I suppose there could be a law in any jurisdiction which required the accurate labeling of any product, legal or otherwise. Violation of the law would then be either a criminal or civil case against the seller. The drug market might then be able to function in a safer manner with less fraud and shady actors when lawsuits are brought by buyers based on mislabeling.

If you're a drug dealer, I can't see extra civil and criminal penalties being much of an incentive to push a safer product: you're already risking a long prison term and having all of your assets confiscated (for being connected to drug sales), then. For an idea like that to have an effect, I think the drugs would have to be decriminalized to the extent that the mislabeling penalty is the stronger one.
posted by cosmic.osmo at 9:16 AM on March 3, 2015 [1 favorite]


Fantastic article; one of the few articles I've read where I have some knowledge of the subject and haven't noticed anything I'd disagree with.

yoink: the piece ends with some speculation about some one-in-a-million ways that might, maybe, in some unspecified future make this law a route by which legal recreational drugs make it to market in NZ, but it's very hypothetical.

The synthetic cannabis industry certainly believes it will be able to bring legal products to market in the near future [source: a family member who is a retailer licensed to sell these products]. It will be interesting to see how things turn out.
posted by Pink Frost at 11:32 AM on March 3, 2015


Interestingly, New Zealand has one of the tightest controls on tobacco of any country that I'm aware of, perhaps of any country in the world in general. (They've had a 16+ sale restriction for more than a century, they have a national indoor smoking ban, a complete advertising ban, and you have to buy them sort of "over the counter" in stores where they're not even allowed to be displayed.) They really are ahead of the curve.

40% of the Maori (indigenous, usually poorer part of the population) are smokers. 20-25%(depending on where you read the stats) of the rest of the population are smokers.

The laws look all great, and then you realize that they aren't really doing any good.


In other words, NZ passed a law which MPs themselves didn't really understand then freaked out when the rest of the world started applauding them for their bold new approach to recreational drugs and reversed course.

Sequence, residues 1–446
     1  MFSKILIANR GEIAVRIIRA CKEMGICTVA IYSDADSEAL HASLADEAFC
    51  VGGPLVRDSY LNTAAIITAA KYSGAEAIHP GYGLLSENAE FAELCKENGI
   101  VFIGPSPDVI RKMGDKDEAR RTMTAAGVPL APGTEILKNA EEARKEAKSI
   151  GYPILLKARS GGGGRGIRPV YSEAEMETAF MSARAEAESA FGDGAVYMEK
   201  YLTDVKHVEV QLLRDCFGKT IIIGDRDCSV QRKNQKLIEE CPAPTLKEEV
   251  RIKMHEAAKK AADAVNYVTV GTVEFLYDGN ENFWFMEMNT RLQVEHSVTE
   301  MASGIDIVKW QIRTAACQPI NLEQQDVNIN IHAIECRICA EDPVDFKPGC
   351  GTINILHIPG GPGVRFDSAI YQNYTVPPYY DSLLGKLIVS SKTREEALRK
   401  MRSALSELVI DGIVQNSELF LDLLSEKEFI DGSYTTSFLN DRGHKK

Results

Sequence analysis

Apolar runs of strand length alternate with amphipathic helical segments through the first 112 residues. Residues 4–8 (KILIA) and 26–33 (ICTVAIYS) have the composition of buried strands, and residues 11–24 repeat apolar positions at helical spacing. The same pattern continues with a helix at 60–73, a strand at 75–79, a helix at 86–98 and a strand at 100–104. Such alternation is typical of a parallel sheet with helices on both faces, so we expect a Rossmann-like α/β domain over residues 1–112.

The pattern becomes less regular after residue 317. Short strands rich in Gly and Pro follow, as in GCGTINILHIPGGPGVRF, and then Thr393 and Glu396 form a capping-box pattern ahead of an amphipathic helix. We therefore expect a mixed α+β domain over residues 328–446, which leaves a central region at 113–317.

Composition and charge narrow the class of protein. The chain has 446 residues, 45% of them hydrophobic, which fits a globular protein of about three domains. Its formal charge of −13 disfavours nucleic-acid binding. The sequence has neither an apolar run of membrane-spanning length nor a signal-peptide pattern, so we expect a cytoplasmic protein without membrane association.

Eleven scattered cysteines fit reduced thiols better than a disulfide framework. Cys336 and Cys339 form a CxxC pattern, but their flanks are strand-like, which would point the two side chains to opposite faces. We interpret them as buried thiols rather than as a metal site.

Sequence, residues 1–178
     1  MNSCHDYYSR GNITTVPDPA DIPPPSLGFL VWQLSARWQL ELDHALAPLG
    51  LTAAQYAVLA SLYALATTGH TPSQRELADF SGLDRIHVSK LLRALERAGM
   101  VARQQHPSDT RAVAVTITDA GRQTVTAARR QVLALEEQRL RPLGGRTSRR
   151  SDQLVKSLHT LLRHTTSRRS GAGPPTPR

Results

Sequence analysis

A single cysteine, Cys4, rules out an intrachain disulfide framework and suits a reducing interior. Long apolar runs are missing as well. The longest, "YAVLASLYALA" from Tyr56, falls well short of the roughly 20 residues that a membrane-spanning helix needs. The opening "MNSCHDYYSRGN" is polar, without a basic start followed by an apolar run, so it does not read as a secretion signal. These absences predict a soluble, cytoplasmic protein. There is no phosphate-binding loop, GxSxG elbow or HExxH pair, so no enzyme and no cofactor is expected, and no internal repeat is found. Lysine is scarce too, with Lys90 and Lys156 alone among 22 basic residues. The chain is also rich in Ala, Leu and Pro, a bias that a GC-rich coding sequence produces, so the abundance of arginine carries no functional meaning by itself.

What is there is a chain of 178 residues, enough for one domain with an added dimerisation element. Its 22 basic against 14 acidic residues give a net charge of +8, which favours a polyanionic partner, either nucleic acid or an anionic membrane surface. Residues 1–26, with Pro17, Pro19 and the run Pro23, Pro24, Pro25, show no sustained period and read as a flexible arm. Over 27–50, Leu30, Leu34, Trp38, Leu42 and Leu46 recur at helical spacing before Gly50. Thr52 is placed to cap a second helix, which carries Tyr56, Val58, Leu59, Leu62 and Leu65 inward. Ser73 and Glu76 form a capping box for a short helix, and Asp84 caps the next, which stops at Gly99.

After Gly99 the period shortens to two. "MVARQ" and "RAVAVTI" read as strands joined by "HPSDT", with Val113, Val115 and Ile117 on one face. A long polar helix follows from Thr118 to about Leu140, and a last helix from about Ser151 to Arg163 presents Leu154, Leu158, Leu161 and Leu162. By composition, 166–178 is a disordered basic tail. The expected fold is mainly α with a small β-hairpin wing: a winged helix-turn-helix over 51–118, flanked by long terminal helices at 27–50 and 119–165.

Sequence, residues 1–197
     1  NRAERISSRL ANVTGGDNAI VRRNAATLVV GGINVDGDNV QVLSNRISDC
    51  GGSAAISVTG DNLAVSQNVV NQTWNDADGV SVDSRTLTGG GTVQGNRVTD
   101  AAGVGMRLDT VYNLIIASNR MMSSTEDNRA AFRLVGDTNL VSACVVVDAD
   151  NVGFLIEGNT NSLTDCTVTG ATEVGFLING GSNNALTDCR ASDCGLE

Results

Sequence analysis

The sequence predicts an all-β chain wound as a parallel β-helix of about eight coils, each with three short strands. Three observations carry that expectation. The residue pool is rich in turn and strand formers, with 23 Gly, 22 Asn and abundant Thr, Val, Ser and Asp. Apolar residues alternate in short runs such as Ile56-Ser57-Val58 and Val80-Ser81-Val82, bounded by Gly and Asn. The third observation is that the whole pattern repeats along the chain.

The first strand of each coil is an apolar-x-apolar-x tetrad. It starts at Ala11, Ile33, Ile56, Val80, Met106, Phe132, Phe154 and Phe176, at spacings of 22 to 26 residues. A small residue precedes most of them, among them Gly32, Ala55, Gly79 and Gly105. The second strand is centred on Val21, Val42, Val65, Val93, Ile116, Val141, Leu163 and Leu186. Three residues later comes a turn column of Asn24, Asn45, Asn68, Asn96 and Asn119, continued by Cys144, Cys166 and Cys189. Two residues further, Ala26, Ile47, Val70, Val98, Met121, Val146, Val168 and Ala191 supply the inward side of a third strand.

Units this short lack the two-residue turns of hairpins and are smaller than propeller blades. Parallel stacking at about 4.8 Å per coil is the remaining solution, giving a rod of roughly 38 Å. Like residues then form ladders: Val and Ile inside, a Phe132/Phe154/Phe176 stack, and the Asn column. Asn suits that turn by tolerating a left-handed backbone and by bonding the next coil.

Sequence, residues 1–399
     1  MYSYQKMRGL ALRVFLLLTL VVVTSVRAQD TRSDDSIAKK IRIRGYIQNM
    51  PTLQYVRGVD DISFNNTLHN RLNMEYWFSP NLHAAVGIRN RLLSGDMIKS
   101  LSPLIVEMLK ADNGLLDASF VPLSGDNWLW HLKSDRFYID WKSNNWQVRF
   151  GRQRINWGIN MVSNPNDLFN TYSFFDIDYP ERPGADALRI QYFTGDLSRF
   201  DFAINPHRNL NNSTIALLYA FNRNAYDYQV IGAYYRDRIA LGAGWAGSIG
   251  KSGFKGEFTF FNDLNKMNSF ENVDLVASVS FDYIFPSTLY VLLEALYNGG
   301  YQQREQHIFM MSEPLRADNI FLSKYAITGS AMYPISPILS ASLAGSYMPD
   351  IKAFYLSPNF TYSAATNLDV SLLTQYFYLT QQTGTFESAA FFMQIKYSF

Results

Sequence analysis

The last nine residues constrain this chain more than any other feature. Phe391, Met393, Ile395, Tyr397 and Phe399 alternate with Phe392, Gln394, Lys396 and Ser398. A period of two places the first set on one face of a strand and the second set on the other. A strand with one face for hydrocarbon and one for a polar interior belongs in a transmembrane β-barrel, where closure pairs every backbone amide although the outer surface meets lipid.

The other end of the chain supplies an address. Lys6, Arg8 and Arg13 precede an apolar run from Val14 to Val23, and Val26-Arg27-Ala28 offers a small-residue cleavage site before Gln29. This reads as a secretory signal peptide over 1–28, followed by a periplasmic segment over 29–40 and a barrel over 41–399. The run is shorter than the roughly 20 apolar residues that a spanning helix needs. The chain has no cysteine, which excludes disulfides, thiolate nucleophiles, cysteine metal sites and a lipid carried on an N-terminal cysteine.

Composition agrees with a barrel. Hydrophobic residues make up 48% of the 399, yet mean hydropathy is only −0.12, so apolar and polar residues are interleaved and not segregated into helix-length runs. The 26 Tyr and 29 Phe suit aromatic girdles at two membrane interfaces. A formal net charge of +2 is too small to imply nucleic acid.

I used to be an end user of marijuana in NZ back in 2010-2011. Prices were about $300NZD/ounce, equating to about $225-240USD. NZers considered this to be outrageous, but not outrageous enough to stop from having one of the highest rates of marijuana consumption in the world.

Yes, Jamaica, we got you beat too.
posted by hal_c_on at 11:44 AM on March 3, 2015


Genius.
posted by IAmBroom at 1:28 PM on March 3, 2015


40% of the Maori (indigenous, usually poorer part of the population) are smokers. 20-25%(depending on where you read the stats) of the rest of the population are smokers.

The laws look all great, and then you realize that they aren't really doing any good.


Well yes, but smoking rates are dropping overall, though not significantly in all ethnic groups, so maybe the law has something to do with that.
posted by Pink Frost at 3:07 PM on March 3, 2015


40% of the Maori (indigenous, usually poorer part of the population) are smokers. 20-25%(depending on where you read the stats) of the rest of the population are smokers.

Disappointing to hear, because Australia's smoking rates (which are very well documented and require no hearsay) are now at 17.5% total. First country to drop back below 20% I believe. Unfortunately aboriginal and Torres Strait islander smoking rates are at 47%.
posted by wilful at 4:45 AM on March 4, 2015


Thanks everyone!!! I found New Zealand fascinating, especially since I arrived there about a week after the politicians freaked out and (sorta) reversed the law by banning the use of animal testing in new approvals and removing the previously sold products.

However, since then, they have continued to require local regions to make plans and regulations for future sales and if Matt Bowden can fund a trial (he's obviously lost serious income now), there seems to be a big enough loophole for him to use animal tests from other countries and do human trials in NZ.

The whole controversy also advanced their marijuana legalization debate, with politicians realizing that the most sensible drug to trial and approve would be cannabis and now that the US is supporting a loose interpretation of UN conventions that can allow such experimentation, we might actually see that eventually.

It was also really fun hanging out with Matt and Kristi, as you might imagine..
posted by Maias at 5:43 AM on March 4, 2015 [1 favorite]